Funktionelle Charakterisierung der cytoplasmatischen Domäne des Marburgvirus Oberflächenproteins GP

Das Marburgvirus (MARV) bildet zusammen mit dem Ebolavirus die Familie der Filoviridae, welche in menschlichen und nicht-menschlichen Primaten schwere hämorraghische Fieber verursachen können. Die Infektion von Zielzellen wird dabei durch das einzige Oberflächen-protein des MARV, das Glykoprotein GP...

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Bibliographic Details
Main Author: Mittler, Eva-Maria
Contributors: Lingelbach, Klaus (Prof.Dr.) (Thesis advisor)
Format: Doctoral Thesis
Published: Philipps-Universität Marburg 2009
Online Access:PDF Full Text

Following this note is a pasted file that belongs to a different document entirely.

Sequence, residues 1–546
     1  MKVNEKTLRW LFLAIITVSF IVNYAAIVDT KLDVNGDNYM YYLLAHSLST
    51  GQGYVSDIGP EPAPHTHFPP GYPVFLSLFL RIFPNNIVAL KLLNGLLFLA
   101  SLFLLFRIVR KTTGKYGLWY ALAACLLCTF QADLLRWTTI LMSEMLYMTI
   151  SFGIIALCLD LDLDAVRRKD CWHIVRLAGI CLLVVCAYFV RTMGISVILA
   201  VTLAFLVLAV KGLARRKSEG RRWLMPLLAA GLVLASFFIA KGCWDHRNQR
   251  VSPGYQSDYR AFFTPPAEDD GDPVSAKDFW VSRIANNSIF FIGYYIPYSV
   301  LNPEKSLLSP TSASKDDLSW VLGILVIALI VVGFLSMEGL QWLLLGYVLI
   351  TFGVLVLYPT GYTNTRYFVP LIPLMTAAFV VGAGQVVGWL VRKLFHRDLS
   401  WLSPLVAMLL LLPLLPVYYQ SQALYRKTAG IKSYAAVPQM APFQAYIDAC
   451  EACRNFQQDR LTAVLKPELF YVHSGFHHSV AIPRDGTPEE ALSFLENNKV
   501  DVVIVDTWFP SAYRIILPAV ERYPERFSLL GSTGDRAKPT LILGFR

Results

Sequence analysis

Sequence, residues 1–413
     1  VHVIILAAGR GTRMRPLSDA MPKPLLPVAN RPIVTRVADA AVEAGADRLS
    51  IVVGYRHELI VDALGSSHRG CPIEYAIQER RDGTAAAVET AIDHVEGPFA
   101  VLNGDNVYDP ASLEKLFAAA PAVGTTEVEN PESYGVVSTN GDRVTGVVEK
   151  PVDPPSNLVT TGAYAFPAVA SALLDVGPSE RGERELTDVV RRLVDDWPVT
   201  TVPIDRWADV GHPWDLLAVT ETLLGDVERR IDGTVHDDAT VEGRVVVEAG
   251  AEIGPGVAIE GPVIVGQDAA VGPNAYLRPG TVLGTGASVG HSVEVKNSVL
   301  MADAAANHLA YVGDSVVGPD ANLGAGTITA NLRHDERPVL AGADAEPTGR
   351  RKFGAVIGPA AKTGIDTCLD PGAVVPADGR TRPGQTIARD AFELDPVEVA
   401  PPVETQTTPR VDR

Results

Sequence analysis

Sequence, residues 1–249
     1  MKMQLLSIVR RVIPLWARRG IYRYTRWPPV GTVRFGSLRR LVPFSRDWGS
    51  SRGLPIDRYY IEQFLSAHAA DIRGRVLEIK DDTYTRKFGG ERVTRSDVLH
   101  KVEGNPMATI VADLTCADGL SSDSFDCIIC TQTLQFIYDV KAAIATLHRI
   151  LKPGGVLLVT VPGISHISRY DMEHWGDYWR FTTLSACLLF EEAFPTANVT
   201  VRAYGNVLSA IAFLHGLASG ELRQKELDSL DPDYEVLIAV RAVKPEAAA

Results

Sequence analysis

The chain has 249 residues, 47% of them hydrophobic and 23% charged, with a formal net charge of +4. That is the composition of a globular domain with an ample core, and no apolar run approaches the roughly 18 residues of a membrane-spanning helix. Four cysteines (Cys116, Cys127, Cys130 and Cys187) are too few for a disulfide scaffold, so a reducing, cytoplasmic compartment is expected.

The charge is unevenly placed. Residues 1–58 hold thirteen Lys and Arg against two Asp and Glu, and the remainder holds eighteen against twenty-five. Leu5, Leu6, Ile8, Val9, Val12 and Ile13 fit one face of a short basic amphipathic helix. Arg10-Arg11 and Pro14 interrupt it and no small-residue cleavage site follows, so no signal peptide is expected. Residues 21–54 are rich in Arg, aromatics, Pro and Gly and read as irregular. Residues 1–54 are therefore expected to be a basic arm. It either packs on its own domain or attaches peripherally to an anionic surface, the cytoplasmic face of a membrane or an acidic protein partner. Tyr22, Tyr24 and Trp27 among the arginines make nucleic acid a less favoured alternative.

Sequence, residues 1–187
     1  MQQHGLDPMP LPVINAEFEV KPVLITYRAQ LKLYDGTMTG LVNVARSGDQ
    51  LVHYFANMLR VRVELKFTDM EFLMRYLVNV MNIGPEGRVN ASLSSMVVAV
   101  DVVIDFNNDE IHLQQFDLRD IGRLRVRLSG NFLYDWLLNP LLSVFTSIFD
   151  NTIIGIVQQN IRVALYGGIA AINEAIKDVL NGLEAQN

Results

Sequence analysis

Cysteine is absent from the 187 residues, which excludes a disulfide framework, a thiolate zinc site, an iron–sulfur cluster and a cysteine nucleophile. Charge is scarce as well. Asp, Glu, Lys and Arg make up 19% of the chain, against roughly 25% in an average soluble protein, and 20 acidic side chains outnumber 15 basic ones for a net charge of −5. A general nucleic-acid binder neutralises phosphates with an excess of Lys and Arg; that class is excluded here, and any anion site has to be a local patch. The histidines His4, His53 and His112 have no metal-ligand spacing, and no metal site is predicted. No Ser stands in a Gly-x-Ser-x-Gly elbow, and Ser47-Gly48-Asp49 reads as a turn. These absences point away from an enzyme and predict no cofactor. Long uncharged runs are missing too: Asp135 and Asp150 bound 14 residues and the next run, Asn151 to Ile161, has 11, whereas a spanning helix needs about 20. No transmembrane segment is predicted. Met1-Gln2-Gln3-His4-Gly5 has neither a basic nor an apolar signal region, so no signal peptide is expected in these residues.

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The family of Filoviridae comprises Marburg virus (MARV) and Ebola virus, which are the causative agents of fulminant haemorrhagic fevers in humans and non-human primates. Infection of target cells is mediated by binding of viral particles to their cellular receptor, followed by endocytosis, fusion of viral and endosomal membranes, release of the nucleocapsid into the cytoplasm and transcription and replication of the viral RNA. The viral glycoprotein GP, a classical type I transmembrane protein, is composed of a large ectodomain (220 kDa), a membrane-spanning and a very short cytoplasmic domain. The function of the ectodomain and to some extent also the transmembrane domain of MARV GP for the viral life cyle have been extensively addressed. On the other hand the role of the cytoplasmic domain is completely enigmatic, possibly because the 8 amino acid long domain does not comprise typical signal sequences that can affect intracellular transport or the assembly and release of viral particles. In the course of this study it was shown that the intracellular transport of MARV GP along the the classical secretory pathway to the plasma membrane is not influenced by the cytoplasmic domain. This finding was illustrated by the posttranslational modifications like N-glycosylation or oligomerization of GP, which are not significantly modified in the absence of the cytoplasmic domain (GPΔCD). With the help of a MARV-specific infectious virus-like particle (iVLP) assay, as a model system for naive MARV infection, the impact of the cytoplasmic tail of GP on the assembly, the release and the infectivity of MARV was investigated. Via a quantitative immuno electron microscopy it was demonstrated that the cytoplasmic domain of GP has neither an impact on the incorporation of GP into iVLPs nor on their filamentous morphology; however, released iVLPs showed a significantly reduced infectivity. The simultaneously occuring reduction in O-glycosylation of GPΔCD revealed a conformational modification of the ectodomain induced by the absence of the cytoplasmic domain. With the help of a newly established entry assay it was elucidated that GPΔCD induced a diminished infectivity of iVLPs as well as a reduced entry into target cells. We assume that the absence of the cytoplasmic tail of GP mediates a conformational change in the ectodomain (so called “inside-out signaling”), resulting in a decreased fusion activity of GP and a subsequent reduced infectivity.